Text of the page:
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Government urged to amend Domestic Abuse Bill to protect migrant victims

The Domestic Abuse Bill is being pushed through the final stages of Parliament today (27 April) with last-minute amendments to be considered before it receives royal assent.

However, without significant reform, the Bill risks turning a blind eye to migrant victims of abuse.

If you have been subjected to domestic abuse and you are worried about your immigration status, the Immigration Advice Service (IAS) is here to help. Our lawyers can speak to you in confidence and can assist you in applying for permanent immigration status under the Domestic Violence (DV) Rule. Ring our customer care team today for immediate support and guidance on +44 (0)333 414 9244.

The UK Domestic Abuse Bill

The long-awaited Domestic Abuse (DA) Bill, initially introduced by Theresa May in 2019, promises a swathe of sweeping reforms to the criminal justice system and to the courts. It pledges to protect victims with unprecedented measures, including a statutory definition of abuse that recognises emotional and coercive behaviour, as well as brand new protection orders.

It also promises to put an end to the abhorrent practice which has seen survivors of abuse cross-examined and interrogated by their perpetrator in court.

While victims of domestic abuse can be male or female, women are disproportionately affected by the crime. On average, two women are murdered by the hands of their abuser every week – a figure which rocketed to five during the height of Britain’s Coronavirus lockdown measures.

As such, the legislation has been hailed as a landmark victory towards tackling Violence Against Women and Girls (VAWG). However, campaigners fear that the Bill will only entrench a two-tier system of support in the UK where only women with British citizenship can benefit from the full scope of the Bill while migrants are left to fall through the cracks.

Domestic Abuse Bill and migrant victims
The Step Up Migrant Women coalition has been lobbying for reform to the DA Bill since its inception in 2019. The group have been highlighting major shortfalls in the Act which leave many migrant women vulnerable to destitution and deportation. [Image: Amnesty International].

Seeking support as a migrant survivor

For migrant women in particular, domestic abuse is an acute crisis. They are often isolated by the language barrier and kept financially dependent on their perpetrator as a result of their No Recourse to Public Funds (NRPF) condition.

To add to their traumatising ordeal, victims are often threatened with detention and deportation – initially by their abuser but also by the police should they attempt to report it. In the absence of a firewall between the authorities and immigration control, victims who are able to seek support from their local police force find themselves reported instead. Research by King’s College London in 2019 found up to 62% of women with an insecure status were threatened with deportation by their abuser and over half (54%) were warned they could lose their visa. Many refuges and shelters are unable to accommodate migrant victims since beds are provided by public funding, which the state prohibits for those without permanent immigration status as part and parcel of the NRPF rule.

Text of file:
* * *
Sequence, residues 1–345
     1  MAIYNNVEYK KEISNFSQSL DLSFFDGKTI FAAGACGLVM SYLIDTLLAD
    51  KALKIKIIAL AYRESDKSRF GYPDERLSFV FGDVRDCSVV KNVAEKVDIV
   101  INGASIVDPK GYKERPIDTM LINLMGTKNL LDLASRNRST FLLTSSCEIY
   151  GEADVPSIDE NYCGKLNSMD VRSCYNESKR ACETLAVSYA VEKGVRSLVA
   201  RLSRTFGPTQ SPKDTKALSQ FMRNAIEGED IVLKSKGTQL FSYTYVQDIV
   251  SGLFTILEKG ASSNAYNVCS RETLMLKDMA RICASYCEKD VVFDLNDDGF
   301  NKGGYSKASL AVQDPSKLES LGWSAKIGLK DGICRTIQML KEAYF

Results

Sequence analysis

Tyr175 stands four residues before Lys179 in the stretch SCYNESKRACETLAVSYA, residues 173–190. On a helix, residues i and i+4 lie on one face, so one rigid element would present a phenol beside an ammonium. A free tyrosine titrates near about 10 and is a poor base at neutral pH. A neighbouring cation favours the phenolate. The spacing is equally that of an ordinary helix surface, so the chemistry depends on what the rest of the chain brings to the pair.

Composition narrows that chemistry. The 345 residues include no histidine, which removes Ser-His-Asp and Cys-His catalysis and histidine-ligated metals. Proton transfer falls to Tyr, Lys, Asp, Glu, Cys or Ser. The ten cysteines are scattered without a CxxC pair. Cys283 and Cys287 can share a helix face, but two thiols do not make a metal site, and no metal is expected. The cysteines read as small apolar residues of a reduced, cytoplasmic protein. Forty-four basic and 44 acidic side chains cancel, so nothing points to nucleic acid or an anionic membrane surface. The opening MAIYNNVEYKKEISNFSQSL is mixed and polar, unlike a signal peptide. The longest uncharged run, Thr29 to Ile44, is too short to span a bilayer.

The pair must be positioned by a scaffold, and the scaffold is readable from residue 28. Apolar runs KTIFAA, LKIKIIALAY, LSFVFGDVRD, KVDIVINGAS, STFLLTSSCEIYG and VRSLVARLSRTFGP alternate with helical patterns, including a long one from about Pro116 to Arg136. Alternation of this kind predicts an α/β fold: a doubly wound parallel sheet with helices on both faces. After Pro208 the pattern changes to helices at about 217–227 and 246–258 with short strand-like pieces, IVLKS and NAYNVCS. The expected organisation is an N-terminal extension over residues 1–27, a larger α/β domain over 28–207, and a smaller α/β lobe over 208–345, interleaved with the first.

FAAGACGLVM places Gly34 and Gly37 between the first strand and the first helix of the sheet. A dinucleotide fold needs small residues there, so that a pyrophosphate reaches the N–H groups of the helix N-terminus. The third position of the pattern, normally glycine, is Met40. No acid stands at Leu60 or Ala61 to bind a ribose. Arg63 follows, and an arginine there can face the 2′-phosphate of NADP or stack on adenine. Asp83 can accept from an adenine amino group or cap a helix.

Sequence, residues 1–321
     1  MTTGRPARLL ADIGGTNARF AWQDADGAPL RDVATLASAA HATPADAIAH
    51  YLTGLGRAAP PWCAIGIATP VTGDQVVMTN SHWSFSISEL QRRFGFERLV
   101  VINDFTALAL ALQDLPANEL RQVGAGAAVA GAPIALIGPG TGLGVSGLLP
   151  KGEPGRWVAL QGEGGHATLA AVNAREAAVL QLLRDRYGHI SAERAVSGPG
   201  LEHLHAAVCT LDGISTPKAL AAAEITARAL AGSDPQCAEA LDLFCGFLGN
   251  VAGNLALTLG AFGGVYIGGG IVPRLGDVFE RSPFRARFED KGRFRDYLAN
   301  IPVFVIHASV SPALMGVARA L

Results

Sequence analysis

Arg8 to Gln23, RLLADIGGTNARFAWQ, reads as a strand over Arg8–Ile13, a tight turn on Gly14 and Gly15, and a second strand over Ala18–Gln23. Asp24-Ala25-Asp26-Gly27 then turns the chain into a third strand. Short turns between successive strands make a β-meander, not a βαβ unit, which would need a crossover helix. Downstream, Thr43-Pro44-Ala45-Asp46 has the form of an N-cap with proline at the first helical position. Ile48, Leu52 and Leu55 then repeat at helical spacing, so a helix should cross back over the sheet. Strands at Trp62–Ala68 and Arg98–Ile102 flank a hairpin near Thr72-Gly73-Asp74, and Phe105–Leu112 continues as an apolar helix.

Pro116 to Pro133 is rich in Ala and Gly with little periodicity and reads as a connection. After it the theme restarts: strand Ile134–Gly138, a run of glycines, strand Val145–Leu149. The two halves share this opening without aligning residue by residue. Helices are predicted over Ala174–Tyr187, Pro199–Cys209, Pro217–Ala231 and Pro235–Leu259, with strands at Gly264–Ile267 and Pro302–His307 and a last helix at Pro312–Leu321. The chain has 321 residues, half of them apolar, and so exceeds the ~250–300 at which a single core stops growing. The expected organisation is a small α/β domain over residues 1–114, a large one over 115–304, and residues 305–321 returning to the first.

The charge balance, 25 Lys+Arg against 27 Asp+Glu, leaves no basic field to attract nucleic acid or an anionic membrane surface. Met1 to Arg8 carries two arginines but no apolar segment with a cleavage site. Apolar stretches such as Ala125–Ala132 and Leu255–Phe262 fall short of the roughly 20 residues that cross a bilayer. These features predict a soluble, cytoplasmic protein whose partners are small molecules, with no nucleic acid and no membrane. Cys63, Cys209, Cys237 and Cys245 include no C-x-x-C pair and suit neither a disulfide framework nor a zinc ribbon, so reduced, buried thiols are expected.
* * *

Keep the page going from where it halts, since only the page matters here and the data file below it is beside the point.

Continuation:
Stifled from financial support, excluded from legal protections and shunned from a safe place to sleep, migrant victims of abuse are therefore increasingly vulnerable to destitution, homelessness and prolonged abuse.

DA Bill
The DA Bill promises unprecedented changes to the UK courts and criminal justice system, including a victim-centred approach. [Image: Politics.co.uk]

Rejected by the Government 

Despite enormous support, the Government has refused to support many of these key amendments.

Instead, a 12-month pilot scheme, ‘Support for Migrants’, has been implemented. Yet MPs and activists alike find the £1.5m fund that is pledged in the scheme to drastically fall short in covering the resources required to prompt key change. They argue that victims would be better supported if the existing provisions were amended.

The danger remains that the Bill will be passed through Parliament today without any of the reforms it needs after a lengthy two-year stint. The Bill has been stalled time and time again having endured a general election, a new government, Brexit and Coronavirus.

You can monitor the status of the Bill as its amendments are considered for the final time here.

How the IAS can help

Here at the Immigration Advice Service, our immigration lawyers are well equipped in assisting survivors of abuse. We honour full confidentiality and handle each case with compassion and sensitivity. In some cases, we can even help victims for free due to the provisions in Legal Aid.

If you wish to speak to an immigration lawyer in private about switching from a Spouse Visa to Indefinite Leave to Remain (ILR), or you need assistance in filling out the DDVC form, our lawyers are on hand to help. We can even represent you at a Tribunal hearing in the event that your application is refused and you wish to appeal.

Speak to our friendly customer care team today on 0333 305 9375 to hear more about how we can help.

We can help you if you need advice or assistance about how this change to the Immigration Rules affects you.

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